Once you get past the 50-mile ultramarathon and into 100-mile, 24-hour, 36-hour or 48-hour ultramarathons, you are faced with the issue of setting up some sort of staging area for your race.
Most of the timed ultramarathons (24, 36, 48-hour) are run in shorter loops — which allows for frequent access to the race aid station and your personal staging area with whatever personal items (preferred foods and sports drinks, change of clothes, various gear/first-aid items, etc.) you brought for the race.
Once you get into timed races that are 24 hours and longer, there is the matter of having your own personal place where you can take a break, sit down, and perhaps even sleep.
Races allow for runners to set up for such places for themselves on the race route. This is when the issue of a tent comes up — as a place to keep all of your trail running gear.
There are a few different options when it comes to deciding upon a tent.
Let’s look at a few…
#1 – Don’t have a tent.
I recently ran a 24-hour ultramarathon and there were heavy rains. I met a couple ultrarunners who were running the 12-hour race, and invited them to place their gear and personal items under my canopy to keep them from getting wet.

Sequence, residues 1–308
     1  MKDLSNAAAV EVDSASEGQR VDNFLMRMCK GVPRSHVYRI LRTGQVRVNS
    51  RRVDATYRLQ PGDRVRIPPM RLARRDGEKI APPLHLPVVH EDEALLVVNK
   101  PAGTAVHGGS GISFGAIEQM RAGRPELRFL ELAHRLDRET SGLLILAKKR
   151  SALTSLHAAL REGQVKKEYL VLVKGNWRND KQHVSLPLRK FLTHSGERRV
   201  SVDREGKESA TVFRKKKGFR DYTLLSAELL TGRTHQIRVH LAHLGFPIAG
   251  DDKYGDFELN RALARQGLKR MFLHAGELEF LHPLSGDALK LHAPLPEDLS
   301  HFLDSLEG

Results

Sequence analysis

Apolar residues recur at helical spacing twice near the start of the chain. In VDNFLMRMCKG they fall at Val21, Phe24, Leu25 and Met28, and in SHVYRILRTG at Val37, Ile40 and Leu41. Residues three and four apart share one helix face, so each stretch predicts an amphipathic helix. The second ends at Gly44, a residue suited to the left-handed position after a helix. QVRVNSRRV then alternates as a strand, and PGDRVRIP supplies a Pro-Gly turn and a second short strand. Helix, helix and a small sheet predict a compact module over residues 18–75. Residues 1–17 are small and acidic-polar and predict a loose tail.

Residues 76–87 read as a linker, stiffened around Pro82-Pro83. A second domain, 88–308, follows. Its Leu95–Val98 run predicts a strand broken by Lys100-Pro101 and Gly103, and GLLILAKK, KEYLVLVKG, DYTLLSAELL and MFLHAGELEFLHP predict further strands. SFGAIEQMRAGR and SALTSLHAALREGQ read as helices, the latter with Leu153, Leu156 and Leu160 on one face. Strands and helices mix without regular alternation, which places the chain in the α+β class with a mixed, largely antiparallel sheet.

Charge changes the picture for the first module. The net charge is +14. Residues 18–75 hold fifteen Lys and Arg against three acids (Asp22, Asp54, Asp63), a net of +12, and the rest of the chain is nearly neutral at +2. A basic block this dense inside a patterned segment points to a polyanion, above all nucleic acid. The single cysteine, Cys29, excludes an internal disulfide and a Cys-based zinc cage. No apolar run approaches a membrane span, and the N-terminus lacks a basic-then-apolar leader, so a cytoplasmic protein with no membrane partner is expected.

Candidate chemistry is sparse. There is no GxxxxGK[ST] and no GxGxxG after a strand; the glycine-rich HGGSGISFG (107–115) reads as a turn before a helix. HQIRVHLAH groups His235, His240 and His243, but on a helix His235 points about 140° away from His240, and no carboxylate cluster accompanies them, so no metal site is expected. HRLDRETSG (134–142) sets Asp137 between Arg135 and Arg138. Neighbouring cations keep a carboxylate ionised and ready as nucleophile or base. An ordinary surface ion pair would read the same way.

If you’re thinking about doing a 12-hour or 24-hour run — even if you’re planning to run the entire time — it’s wise to have a canopy or tent. It can provide a shady spot out of the sun for a short break and keep your trail running gear dry in case of rain.
If you’re running a 12-hour or 24-hour ultramarathon, you are likely to regret just showing up with a cooler, backpack, and chair.
#2 – A canopy is the minimalist option.
Another option is a canopy – an overhead covering supported on poles.
Some ultrarunners decide that a tent is unnecessary and that a canopy will suffice.
The upside to canopies is that they are typically easy to put up. A canopy is easy to get in and out of, but provides sufficient shelter from the sun and rain, and allows for you to create a little place for you and your stuff without getting too complicated about it.
However, the downside of a canopy is that it provides only an overhead covering. I quickly learned during one 24-hour race that a canopy is not adequate protection from the elements. If there’s any wind, during a rain it’s going to get all your stuff wet. Most canopies don’t have any floor covering, and the rain will soak the ground under your canopy and possibly make it muddy.
While an open canopy is easy to get in and out of, you might find yourself wishing you had a more closed-off area to tend to aches and pains, change clothes, or just have a few moments of peace and quiet.
There are some more advanced canopies with a sun wall and a roll-out covering for the ground. But I’ve mostly seen these used as an extra item for a runner who also had a tent. Canopies — especially the more advanced versions — can be a good option, but there are some limitations to consider.
#3 – An instant tent (pop-up tent) is the fastest option.